From Albert Von Schweikert:
Hello Fellow Audiophiles,
Over the past 32 years, I've used bi-amping as a method to achieve more realistic sound quality. A decent, high powered solid state amplifier will give you explosive and tight bass power, while a smaller tube amp will give you the "air" and image float you are seeking from your sound system. Here are a few tips:
1. The bass amp does not have to necessarily be expensive, but make sure it has a large transformer and power supply to ensure "tight" bass. All of our speaker designs employ 4-ohm woofer systems, with a dip down to 3.5 ohms, so make sure the amp is stable into a 4 ohm load. Power requirements depend on your room size and how loud you want to go. I suggest 200-300 watts per channel if you have a large room and want an explosive dynamic range.
2. The tube amplifier can have as little as 20 watts per channel in a small room, but in a large room, you may want to have 50-100 watts per channel to avoid clipping at high volume levels. Due to the distribution of power over the frequency range of 20Hz to 20kHz, you can use a much smaller amplifier on the midrange and tweeter module. Use the 8-ohm taps on the tube amp, but feel free to experiment - it won't hurt anything to try other taps.
3. The "secret" to achieve "killer" sound quality is to ensure that the amplifiers have exactly the same input sensitivity. The amplifier with the lowest numerical rating, i.e. 100mV is much more sensitive than an amplifier with a rating of 500mV - the higher the number, the lower the sensitivity. You'll need to reduce the higher sensitivity by using a series input resistor. This can be installed inside your amplifier, directly at the RCA female jack leading to the input stage. If this sounds a little scary, then build an adaptor to house the resistor outside the amp. If you contact Michael Percy at www.percyaudio.com
, he will advise you on what you'll need to get from him. Usually, a female RCA jack, a male RCA plug, a high quality metal film resistor, some plastic sleeving, and a short piece of high quality hookup wire is all that is required. Basically, you're inserting the resistor between the "hot" connection from the female RCA jack to the male RCA plug, and then using hookup wire to connect the ground leads. The entire assembly can be only a few inches long and installed into a plastic or Teflon sleeve to prevent short circuits. This adaptor is inserted into the signal path between your preamp and the most sensitive amplifier. As you can infer from this description, the adaptor is used in between your interconnect and the input jack of the amplifier.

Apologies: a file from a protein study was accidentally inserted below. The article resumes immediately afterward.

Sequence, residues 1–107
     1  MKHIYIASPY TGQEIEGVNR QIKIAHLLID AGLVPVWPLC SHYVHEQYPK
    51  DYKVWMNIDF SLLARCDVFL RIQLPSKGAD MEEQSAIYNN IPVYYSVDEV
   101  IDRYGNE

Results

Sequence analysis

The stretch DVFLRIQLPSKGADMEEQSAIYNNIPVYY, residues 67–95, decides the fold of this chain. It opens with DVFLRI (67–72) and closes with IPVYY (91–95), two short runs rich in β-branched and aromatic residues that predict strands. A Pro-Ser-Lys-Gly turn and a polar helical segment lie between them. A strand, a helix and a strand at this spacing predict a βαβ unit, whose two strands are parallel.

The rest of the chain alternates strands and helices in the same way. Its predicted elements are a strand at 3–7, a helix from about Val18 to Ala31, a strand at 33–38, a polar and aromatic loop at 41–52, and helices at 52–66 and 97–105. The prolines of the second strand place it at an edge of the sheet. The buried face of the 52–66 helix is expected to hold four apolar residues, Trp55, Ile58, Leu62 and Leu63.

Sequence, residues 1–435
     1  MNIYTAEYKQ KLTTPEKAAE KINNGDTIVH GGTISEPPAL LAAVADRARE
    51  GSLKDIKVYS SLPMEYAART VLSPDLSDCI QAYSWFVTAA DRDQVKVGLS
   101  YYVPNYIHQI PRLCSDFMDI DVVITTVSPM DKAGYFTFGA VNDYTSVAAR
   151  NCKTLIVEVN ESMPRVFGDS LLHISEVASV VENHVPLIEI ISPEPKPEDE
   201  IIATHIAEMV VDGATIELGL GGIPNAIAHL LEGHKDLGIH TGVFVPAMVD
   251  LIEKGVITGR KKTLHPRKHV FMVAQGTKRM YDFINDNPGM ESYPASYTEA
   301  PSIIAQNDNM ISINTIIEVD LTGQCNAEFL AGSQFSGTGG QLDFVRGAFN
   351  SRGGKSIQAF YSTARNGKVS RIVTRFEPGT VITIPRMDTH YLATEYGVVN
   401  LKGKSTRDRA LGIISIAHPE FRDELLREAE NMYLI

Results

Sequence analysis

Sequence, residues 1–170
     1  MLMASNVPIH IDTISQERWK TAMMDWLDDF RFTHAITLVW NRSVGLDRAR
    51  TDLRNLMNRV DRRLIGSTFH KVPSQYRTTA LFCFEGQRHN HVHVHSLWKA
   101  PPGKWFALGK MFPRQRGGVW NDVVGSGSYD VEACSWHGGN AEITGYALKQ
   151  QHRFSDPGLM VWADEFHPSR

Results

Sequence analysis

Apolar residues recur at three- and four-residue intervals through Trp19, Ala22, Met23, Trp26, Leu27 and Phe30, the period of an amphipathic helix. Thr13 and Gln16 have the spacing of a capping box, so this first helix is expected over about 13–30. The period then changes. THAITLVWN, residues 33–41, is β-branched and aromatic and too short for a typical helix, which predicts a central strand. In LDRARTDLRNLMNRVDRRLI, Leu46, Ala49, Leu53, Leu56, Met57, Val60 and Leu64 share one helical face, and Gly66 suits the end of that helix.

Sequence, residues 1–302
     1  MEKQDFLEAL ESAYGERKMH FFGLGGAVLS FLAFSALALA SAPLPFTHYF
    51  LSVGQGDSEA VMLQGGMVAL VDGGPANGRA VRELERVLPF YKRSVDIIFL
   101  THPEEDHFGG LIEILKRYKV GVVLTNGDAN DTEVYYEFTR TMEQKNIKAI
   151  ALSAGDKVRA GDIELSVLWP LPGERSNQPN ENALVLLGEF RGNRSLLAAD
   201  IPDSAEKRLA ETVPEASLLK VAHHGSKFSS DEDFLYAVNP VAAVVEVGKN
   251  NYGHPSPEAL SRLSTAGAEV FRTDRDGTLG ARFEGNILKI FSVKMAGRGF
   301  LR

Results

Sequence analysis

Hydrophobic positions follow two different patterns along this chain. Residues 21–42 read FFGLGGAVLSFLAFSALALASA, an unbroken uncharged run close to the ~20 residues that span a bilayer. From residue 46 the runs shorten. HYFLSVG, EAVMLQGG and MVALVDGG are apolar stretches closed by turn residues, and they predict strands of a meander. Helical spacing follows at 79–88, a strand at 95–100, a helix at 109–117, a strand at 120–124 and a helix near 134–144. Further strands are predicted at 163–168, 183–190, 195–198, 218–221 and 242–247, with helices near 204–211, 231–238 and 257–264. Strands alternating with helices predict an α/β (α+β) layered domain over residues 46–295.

Michael Percy sells these parts for less than $100 for everything you'll need, and he'll also help you select the proper value of resistor to match the sensitivities. Although this simple technique may sound like a "Micky Mouse" setup to "sophisticated" engineers that design chip OP AMPS and sell electronic crossovers to the PA industry, it is a very "pure" form of passive matching that will stomp the crap out of any electronic crossover I have ever tried.
4. Brands and Models: basically, put your money into the tube amp, since even inexpensive solid state amplifiers have stiff power supplies and enough quality to drive woofers with high speed transient response, high volume levels without clipping, and tight bass. Twenty years ago, Adcom built a 200-watt amplifier for around a thousand bucks new, and half that price used. Today, there are many expensive amplifiers that sound great, but you're paying for an expensive chassis, face plate, branding (advertising), and so forth. Instead, look for an amp with a large transformer and high quality power supply.
Tube amplifier choices abound, at all price ranges. Some of the best values are from China if you are on a budget, but large American tube amps from long established companies will be a good investment, with good resale value and the ease of repairs. Don't worry about the availability of tubes, they're going to be around for another 50 years or more due to the ever-expanding market for tube amplifiers.
Happy Listening from Albert Von Schweikert